The forex market is a volatile place. Everyday issues around the world involving geopolitical crises, economic and business news, and natural disasters, drive the markets up and down causing market volatility.
Most of the time, investors take the ups and downs in their stride. But, consistent decline in the markets can unnerve even the best of them, and cause them to make decisions that affect their long-term portfolios. The key is to learning when and how to take advantage of this volatility.
What is Market Volatility?
Volatility can be defined as the tendency of a currency pair, stock or a market to rise and fall sharply, within a short period of time. Wide price fluctuations and heavy trading are the usual characteristics of a volatile market. There are lots of factors that can cause volatility. Economic releases, unexpected wars, popular IPOs and company news are some of the common reasons. Day traders, short sellers and institutional investors can also cause volatility. Market reactions are governed by investor psychology. A common reaction (buying or selling a stock), by many investors can therefore cause volatility too.
There is no single reason for market volatility, but it is inevitable in stock markets and investors need to learn to deal with it.
A Good Thing for Short-Term Traders
Market volatility is good for short-term traders like day traders or intra-day traders. Unlike a long-term investor, who is satisfied with a consistent increase in share price every year, the outlook for short term traders is quite different. They think it is better to take some risk in order to gain the same yield in a week, rather than waiting for a year.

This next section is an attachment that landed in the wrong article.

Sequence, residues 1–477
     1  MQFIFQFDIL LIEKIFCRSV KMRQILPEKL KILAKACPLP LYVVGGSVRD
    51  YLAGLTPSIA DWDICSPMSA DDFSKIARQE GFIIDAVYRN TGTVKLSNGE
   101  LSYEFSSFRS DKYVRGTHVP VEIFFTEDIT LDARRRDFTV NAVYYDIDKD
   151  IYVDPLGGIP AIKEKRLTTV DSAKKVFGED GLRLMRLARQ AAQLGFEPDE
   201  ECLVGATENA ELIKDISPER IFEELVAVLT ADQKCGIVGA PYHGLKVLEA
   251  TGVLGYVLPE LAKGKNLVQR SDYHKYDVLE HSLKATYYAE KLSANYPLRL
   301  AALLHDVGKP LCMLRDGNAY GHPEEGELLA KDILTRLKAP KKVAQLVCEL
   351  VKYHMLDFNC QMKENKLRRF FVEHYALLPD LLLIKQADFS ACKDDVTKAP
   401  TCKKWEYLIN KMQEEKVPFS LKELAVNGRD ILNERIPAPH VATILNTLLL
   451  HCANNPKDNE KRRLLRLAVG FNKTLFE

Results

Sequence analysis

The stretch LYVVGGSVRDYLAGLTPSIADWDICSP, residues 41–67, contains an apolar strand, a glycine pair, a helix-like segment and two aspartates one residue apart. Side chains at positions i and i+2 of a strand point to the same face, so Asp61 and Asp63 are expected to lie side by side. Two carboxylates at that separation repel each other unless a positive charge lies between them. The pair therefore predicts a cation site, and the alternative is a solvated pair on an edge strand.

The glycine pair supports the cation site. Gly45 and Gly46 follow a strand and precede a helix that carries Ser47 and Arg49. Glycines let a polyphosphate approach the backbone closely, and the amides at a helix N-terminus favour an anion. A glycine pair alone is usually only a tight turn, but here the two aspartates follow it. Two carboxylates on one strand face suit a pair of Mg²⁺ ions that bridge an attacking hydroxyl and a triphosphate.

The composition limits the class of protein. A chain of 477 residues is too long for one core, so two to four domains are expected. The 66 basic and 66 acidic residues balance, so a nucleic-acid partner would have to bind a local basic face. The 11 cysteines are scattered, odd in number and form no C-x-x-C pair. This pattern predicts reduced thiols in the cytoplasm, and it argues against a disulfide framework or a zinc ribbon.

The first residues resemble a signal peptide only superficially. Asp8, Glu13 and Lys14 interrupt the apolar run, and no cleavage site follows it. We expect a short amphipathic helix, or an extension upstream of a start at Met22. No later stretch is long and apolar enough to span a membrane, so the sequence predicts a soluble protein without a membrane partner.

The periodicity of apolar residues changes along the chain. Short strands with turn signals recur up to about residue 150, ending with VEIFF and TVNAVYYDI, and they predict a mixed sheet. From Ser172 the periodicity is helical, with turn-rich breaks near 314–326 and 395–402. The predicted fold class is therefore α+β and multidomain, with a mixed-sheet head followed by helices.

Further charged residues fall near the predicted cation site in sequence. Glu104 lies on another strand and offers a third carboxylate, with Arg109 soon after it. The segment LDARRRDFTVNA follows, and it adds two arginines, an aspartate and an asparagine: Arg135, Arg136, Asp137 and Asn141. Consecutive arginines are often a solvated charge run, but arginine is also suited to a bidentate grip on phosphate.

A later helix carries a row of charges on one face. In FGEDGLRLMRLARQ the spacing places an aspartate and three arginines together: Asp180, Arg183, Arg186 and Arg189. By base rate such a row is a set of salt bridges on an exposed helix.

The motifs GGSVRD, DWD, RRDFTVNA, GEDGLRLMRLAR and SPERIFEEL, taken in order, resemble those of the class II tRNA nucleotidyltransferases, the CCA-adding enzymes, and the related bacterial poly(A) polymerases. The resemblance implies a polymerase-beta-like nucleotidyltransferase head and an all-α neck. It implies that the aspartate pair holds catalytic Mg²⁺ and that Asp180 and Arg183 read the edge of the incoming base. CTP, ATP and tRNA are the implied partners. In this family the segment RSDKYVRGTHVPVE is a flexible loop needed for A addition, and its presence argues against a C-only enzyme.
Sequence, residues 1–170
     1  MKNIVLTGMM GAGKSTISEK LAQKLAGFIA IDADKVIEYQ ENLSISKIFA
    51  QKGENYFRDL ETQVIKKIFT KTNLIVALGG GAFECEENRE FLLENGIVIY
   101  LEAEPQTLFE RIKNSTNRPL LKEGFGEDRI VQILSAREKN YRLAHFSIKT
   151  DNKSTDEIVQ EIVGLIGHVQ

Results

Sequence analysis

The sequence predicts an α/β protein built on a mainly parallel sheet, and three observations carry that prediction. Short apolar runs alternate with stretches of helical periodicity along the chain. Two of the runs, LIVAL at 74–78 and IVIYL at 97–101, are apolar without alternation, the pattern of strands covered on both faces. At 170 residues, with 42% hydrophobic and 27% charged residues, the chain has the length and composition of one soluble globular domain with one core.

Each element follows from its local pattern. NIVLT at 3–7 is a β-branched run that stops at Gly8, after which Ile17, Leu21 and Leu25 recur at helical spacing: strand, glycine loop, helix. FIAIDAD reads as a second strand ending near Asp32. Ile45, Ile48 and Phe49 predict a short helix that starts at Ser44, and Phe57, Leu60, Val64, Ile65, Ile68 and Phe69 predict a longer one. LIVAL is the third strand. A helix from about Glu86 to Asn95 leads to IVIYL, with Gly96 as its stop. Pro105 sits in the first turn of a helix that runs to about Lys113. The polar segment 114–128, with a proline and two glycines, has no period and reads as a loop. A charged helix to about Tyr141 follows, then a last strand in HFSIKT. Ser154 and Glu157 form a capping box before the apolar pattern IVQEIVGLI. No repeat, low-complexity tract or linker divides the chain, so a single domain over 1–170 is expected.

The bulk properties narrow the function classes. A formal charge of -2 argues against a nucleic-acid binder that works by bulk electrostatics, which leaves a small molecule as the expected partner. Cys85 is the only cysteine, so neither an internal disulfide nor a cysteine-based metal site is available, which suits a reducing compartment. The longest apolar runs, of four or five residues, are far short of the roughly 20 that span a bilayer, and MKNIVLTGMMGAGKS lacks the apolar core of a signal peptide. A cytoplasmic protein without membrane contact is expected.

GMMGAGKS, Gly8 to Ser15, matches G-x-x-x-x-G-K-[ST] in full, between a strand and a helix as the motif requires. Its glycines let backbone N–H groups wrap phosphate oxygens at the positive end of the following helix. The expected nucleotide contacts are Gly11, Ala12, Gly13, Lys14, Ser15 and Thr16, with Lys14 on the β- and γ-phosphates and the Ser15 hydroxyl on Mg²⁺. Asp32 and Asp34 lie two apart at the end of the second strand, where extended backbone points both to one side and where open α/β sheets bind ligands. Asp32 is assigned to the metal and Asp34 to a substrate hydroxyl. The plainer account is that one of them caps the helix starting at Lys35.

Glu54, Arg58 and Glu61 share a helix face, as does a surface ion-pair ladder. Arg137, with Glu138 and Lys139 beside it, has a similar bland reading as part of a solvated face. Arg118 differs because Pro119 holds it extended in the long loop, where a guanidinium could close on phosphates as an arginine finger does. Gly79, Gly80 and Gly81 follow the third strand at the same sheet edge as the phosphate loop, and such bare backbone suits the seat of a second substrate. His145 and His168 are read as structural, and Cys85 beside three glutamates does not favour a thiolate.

A short-term trader analyses charts and information available, to spot a low trend and buy cheap. Then they sell the same equity a few days later when the price surges. This is the reason why they mostly invest in start-ups and small-cap stocks. They also invest in volatile industries, such as technology and biotech.
Long-Term Investors – Tackling Market Volatility
Long-term traders take steps to minimise the impact of volatility on their stocks. Diversifying the portfolio is one way of doing so. Along with diversification, asset allocation is also an important tool. When stocks go into decline, it is highly unlikely that all types of investments, including currency pairs, bonds and cash equivalents, will perform poorly. Understanding the different types of risks, such as market risk, inflation risk and retirement risk, is also essential before diversification and allocation.
Can Volatility Be Good for Long-Term Investors?
The ‘Buy and Hold’ strategy is no guarantee of gaining profits after 20 to 30 years. Only those companies that have a strong balance sheet and give consistent earnings are worthy of falling into this category. It requires a fair amount of research and discipline to keep track of company updates.
In fact, short-term fluctuations don’t affect the long-term stock values of these companies. In the past, ‘Buy and Hold’ investors have had the double benefit of enjoying an increase in equity on a year-to-year basis and quarterly dividends as well. But now, most of these companies offer minimal dividend or no dividend at all, in exchange for stock buybacks.
Volatility is good in such cases, since investors might get higher-than-expected returns.